Two years ago, I began a post about the recently-refurbished Marischal College, and I never finished it. However, I thought some of you familiar with Aberdeen might be interested to see what they’ve done. As an academic institution, Marischal College [pronounced “Marshall”] has existed since 1593. Marischal was a Protestant institution, created after the Reformation, in contrast to the Catholic King’s College, founded in 1495 a mile and a half away in Old Aberdeen. In 1860, the two joined forces, and together they constituted the University of Aberdeen. The building you see below was designed by Alexander Marshall Mackenzie and was opened in 1906 by Edward VII. I believe it’s one of the largest granite buildings in the world:
Marischal College was used by the medical school until at least 2005. I remember going to give a workshop on memory tricks to a group of medical students in the anatomy lecture theatre there, and noting with a shudder the large drain on the sloping floor. The University of Aberdeen vacated the building and some years later Aberdeen City Council took a 100-year lease on it, and renovated it. It was very badly in need of renovation by that stage. For a while, as the mouldy rooms were being gutted and some rooves replaced, the shell of Marischal College looked pretty sad. I remember encountering a woman standing in front of Marischal in tears. She and her husband had come to Aberdeen especially to visit the place where they had studied, and she hadn’t known about the severe renovations.
The new council headquarters opened in July 2011. There’s a newly-commissioned statue of Robert the Bruce in front. He’s important to the history of Aberdeen because in 1319 he gave the Forest of Midstocket to the city. Prior to the renovation, cars and people entered Marischal through an archway, which you see just behind the statue in the photo above. Before the start of the annual Torcher Parade (the student charity campaign parade), the students used to assemble in the courtyard behind the closed gates, and rattle them until they were ceremonially allowed out to begin the parade.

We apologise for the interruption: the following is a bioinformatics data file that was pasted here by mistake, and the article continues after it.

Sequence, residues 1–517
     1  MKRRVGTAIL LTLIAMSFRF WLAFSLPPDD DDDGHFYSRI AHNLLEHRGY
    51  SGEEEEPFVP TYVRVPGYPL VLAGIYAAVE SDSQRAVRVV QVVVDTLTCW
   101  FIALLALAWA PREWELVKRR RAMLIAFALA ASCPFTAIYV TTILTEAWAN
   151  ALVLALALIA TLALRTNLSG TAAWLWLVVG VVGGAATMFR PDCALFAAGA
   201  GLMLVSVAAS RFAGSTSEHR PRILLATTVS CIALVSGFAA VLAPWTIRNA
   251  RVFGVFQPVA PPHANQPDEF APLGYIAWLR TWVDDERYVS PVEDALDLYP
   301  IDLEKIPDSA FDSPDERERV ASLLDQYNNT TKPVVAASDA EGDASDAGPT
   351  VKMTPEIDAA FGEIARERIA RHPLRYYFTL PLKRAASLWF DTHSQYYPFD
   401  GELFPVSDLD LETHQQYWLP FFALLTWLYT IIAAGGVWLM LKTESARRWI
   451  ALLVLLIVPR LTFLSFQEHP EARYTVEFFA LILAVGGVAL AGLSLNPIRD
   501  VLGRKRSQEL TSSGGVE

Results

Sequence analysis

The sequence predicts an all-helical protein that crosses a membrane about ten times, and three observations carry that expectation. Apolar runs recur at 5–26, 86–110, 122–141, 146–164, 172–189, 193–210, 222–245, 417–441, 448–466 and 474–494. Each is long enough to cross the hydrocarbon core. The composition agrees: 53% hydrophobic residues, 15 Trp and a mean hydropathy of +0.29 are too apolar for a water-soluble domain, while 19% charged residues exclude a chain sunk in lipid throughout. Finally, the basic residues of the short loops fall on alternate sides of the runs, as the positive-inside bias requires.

That archway has now been incorporated into the building, and the opening is now a glass entryway. Once inside, looking straight ahead you see this:
The day that I visited, these doors were locked and you could only gaze through. The door at the far side of the courtyard used to be the entrance to the wonderful Marischal Museum (immortalised in Leila Aboulela’s story “The Museum”). I’m not very sure what has happened to the museum space itself, although some of its contents are now in the small King’s Museum on the King’s College campus.
Standing in what used to be the arched entrance to the courtyard, if you look left, instead of seeing a dark granite wall, you see a reception area:
And looking to the right, another public area:
Meanwhile, demolition has begun on the eyesore across the street, St. Nicholas House:
I’m sure we weren’t the only ones to be disappointed to learn that there won’t be a dramatic controlled explosion to bring it down. Such a thing would pose too great a risk not only Marischal College, but also to the lovely Provost Skene’s House, which is nestled at the foot of St. Nicholas House, now surrounded by tall hoarding. I hadn’t realised that Provost Skene’s House was to be closed for a year. By the time I went to pay a farewell visit in March, it had been shut. However, I welcome the day when it will no longer be overshadowed by this hulk of a building!
On a more personal note, packing is going well here. We “flit,” as they say, a week tomorrow. Also, I was happy to hear that the new royal baby arrived safe and sound. I was hoping it might be a girl, since she would have been the first female to be in line for the throne since they changed the rules. In weather news, although yesterday was the hottest in Britain for seven years, Aberdeen had a high temperature of 18.5C / 65F. Back to normal!